Changes in Latitudes and Changes in Autoimmune Liver Disease

GJ Webb et al. Clin Gastroenterol Hepatol 2021; 19: 2587-2596. Open Access: The Epidemiology of UK Autoimmune Liver Disease Varies With Geographic Latitude

Methods: A retrospective cohort study using anonymized UK primary care records (2002-2016). All adults without a baseline diagnosis of AILD (autoimmune liver disease) were included and followed up until the first occurrence of an AILD diagnosis, death, or they left the database.

AIH, autoimmune hepatitis; PBC, primary biliary cholangitis; PSC, primary sclerosing cholangitis

Key findings:

  • 1314 incident cases of PBC, 396 of PSC, and 1034 of AIH. Crude incidences were as follows: PBC, 2.47 (95% CI, 2.34–2.60); PSC, 0.74 (95% CI, 0.67–0.82); and AIH, 1.94 (95% CI, 1.83–2.06) per 100,000 per year.
  • A more northerly latitude was associated strongly with incidence of PBC: 2.16 to 4.86 from 50°N to 57°N (P = .002) and incidence of AIH: 2.00 to 3.28 (P = .003), but not incidence of PSC: 0.82 to 1.02 (P = .473)
  • After adjustments, PBC was more frequent in smokers than those who had never smoked at 3.40 (3.03–3.77) per 100,000/y and 1.96 (1.80–2.12) cases per 100,000/y; there was a lower incidence of PSC in smokers 0.47 (0.33–0.61) per 100,000/y compared with those who had never smoked 0.95 (0.83–1.07) per 100,000/y. For AIH, there was no difference between current smokers and those who had never smoked

The authors speculate in the discussion about potential reasons why latitude could correlate with disease incidence. Some potential explanations include sunlight/vitamin D metabolism (though this is at odds with the fact that those with increased skin pigmentation are NOT at increased risk), environmental exposures (related to geology, diet, air quality) or unrecognized genetic tendency based on geography.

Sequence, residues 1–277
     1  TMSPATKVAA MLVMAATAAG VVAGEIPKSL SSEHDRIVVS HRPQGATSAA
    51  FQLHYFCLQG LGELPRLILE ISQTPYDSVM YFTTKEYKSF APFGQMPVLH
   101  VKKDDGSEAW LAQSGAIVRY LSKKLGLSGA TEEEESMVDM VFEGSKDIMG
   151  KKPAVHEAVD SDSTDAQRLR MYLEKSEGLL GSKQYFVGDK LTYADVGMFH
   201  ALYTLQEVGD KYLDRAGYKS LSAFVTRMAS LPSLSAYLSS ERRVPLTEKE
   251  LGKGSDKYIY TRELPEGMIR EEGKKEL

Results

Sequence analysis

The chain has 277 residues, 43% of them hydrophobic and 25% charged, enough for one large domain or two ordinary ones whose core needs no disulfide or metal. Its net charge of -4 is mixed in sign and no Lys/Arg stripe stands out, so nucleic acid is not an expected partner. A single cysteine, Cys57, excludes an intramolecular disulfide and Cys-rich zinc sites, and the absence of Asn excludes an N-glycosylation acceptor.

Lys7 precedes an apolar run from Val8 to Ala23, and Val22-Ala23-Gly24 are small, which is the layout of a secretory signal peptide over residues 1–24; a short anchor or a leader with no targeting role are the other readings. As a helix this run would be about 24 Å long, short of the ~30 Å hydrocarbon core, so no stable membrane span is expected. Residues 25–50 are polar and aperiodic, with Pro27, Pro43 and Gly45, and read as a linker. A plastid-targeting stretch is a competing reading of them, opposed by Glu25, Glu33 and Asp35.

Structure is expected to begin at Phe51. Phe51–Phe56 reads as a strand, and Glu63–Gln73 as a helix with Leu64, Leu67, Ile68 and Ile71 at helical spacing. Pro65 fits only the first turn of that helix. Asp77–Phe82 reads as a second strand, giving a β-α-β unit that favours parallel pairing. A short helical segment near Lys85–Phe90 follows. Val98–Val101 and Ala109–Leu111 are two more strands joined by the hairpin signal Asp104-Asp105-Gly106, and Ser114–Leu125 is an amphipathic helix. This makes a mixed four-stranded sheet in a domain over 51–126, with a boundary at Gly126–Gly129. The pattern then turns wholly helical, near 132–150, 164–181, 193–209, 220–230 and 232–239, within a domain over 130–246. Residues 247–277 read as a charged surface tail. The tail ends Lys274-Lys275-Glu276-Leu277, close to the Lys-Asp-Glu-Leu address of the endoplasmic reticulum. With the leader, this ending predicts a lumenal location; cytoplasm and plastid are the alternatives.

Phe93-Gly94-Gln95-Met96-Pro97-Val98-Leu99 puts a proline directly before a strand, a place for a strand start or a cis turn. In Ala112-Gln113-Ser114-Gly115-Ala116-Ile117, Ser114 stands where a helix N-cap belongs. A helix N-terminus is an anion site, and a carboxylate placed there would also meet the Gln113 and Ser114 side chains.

My take: In the UK, there is an association between a more northernly latitude and both PBC and AIH.

Related blog post: Aspen Webinar 2021 Part 5 -Autoimmune Liver Disease & PSC

Figure 2

FITCH Study of Bezafibrate for Pruritus Due to Cholestatic Liver Disease

In the Fibrates for Itch (FITCH) study, (E de Vries, R Bolier e al. Gastroenterol 2021; 160: 734-743. Full text pdf: Fibrates for Itch (FITCH) in Fibrosing Cholangiopathies:A Double-Blind, Randomized, Placebo-Controlled Trial), the authors study bezafibrate, a broad peroxisome proliferator-activated receptor (PPAR) agonist.

Key findings:

  • 70 patients completed the trial (44 PSC, 24 PBC, 2 SSC) (SSC =secondary sclerosing cholangitis). Treated patients received bezafibrate 400 mg once a day for 21 days.
  • For the primary end point, bezafibrate led in 45% (41% PSC, 55% PBC) and placebo in 11% to >/=50% reduction of severe or moderate pruritus (P ¼ .003).
  • Bezafibrate also reduced serum alkaline phosphatase (35%, P ¼ .03 vs placebo) correlating with improved pruritus (VAS, P ¼ .01) suggesting reduced biliary damage.
  • Serum bile acids and autotaxin activity remained unchanged.

My take: While the majority of patients did not reach the primary end point, bezafibrate merits further investigation and may be a useful agent for pruritus in the setting of cholestatic liver disease. From the associated editorial (pg 649, JK Dyson et al. Bezafibrate for the Treatment of Cholestatic Pruritus: Time for a Change in Management?): “FITCH is an important study and provides novel and important data. It suggests that bezafibrate can be part of the answer to cholestatic pruritus.”

From Editorial:

Current treatment ladder for pruritus and the potential positioning of bezafibrate in the future.

Related blog posts:

Yesterday’s post alluded to alcoholic liver disease. More on that topic from NPR:

Link: Sharp, ‘Off The Charts’ Rise In Alcoholic Liver Disease Among Young Women

Cases of alcoholic liver disease — which includes milder fatty liver and the permanent scarring of cirrhosis, as well as alcoholic hepatitis — are up 30% over the last year at the University of Michigan’s health system, says Dr. Jessica Mellinger, a liver specialist there….

In the U.S., more than 44,000 people died of alcoholic liver disease in 2019. And although liver diseases still affect more men, younger women are driving the increase in deaths, a trend that began several years ago and is now supercharged by the pandemic